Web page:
Don’t talk about it? What a blatant attempt to maintain a position of power and control. Hmmm, power and control―where have I heard that before? Now, I’m not saying that Romney is abusive because he said this (so shoo that bee away from your backside). But I would like to point out how insidious the desire to maintain power for the few is in this country. Whether or not this was intentional or naïve on Romney’s part, I don’t know. But the fact that he said he doesn’t want us talking about our growing economic divide AND that there hasn’t been a bigger showing of public outrage, point to how tolerated this kind of silencing is in our society.

Those experiencing abuse at the hands of their loved ones have for decades been told that it is not something to be talked about in the open—that it is “family business.” And this gives abusers a tremendous amount of control. Silence protects their power.

So what have we been doing to stop domestic violence? Talking about it. Talking in communities, schools, public forums about what domestic violence looks like, why it happens, how we can change it. The shrinking of the middle class is impacting survivors of abuse too, because less money means fewer good options for staying safe. Let’s start talking about that too.

Advocacy for rookies

A few weeks ago, our final fatality review report pointed out that most people victims turned to for help did not refer them to a domestic violence advocate.

We know that advocacy saves lives.

We also know that domestic violence programs cannot keep up with the demand for services.

And we know that people turn to family and friends long before they seek help from professionals.

As Traci said earlier, we’re all counting on YOU.

If that makes you nervous – never fear. I just finished teaching at our 3-day Advocacy for Rookies training. It was heartening to learn that many of the attendees have no intention of getting a job as an advocate. They came to the training because they know that anyone can be a critical, life-saving source of support. Here’s how:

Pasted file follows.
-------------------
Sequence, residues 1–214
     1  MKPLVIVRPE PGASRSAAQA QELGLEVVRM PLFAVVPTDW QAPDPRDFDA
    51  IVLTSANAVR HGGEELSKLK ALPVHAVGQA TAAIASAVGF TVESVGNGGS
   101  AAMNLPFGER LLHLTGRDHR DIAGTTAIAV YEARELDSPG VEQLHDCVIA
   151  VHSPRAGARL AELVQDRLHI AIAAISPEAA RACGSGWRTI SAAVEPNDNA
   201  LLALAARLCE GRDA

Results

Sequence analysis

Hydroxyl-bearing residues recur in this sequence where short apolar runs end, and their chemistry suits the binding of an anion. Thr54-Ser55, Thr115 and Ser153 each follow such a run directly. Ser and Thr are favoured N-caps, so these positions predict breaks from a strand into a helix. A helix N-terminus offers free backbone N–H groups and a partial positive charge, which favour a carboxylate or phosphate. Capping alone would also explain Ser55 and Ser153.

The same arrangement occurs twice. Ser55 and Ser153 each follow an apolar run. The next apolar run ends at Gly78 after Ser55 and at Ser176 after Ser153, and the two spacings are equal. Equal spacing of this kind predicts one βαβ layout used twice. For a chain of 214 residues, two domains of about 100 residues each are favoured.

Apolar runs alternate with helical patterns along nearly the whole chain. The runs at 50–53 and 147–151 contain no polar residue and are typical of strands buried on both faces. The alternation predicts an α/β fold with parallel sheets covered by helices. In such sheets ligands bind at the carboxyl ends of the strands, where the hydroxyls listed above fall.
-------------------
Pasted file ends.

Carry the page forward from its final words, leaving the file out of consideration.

1.      LISTEN. Really listen. What is she saying she needs? What does she think will help? (Note: Hear what she is really saying, not what you think she should be saying. For many people, the goal is to end the abuse, not necessarily to end the relationship.)

2.      LEARN. Do a little research on her behalf. Call your local domestic violence program and find out what they offer. And there’s tons of great info online. You can read up on legal and economic options. Get the scoop on housing and employment issues. See what the laws and policy manuals say.

3.      LOOK AHEAD. Talk with her about long-term plans for coping with the abuse. Help her think through the pros and cons of different options and anticipate how the abuser might react. That’s called safety planning.

4.      LEVERAGE. Give her whatever help you can: a ride somewhere, free babysitting, some cash. And use your influence to let the abuser know that controlling and violent behavior is unacceptable.

5.      LOVE. Have compassion. See the victim’s (and abuser’s) full humanness. Be patient and humble – this stuff is complicated. We are all responsible for each other. Love is the antidote.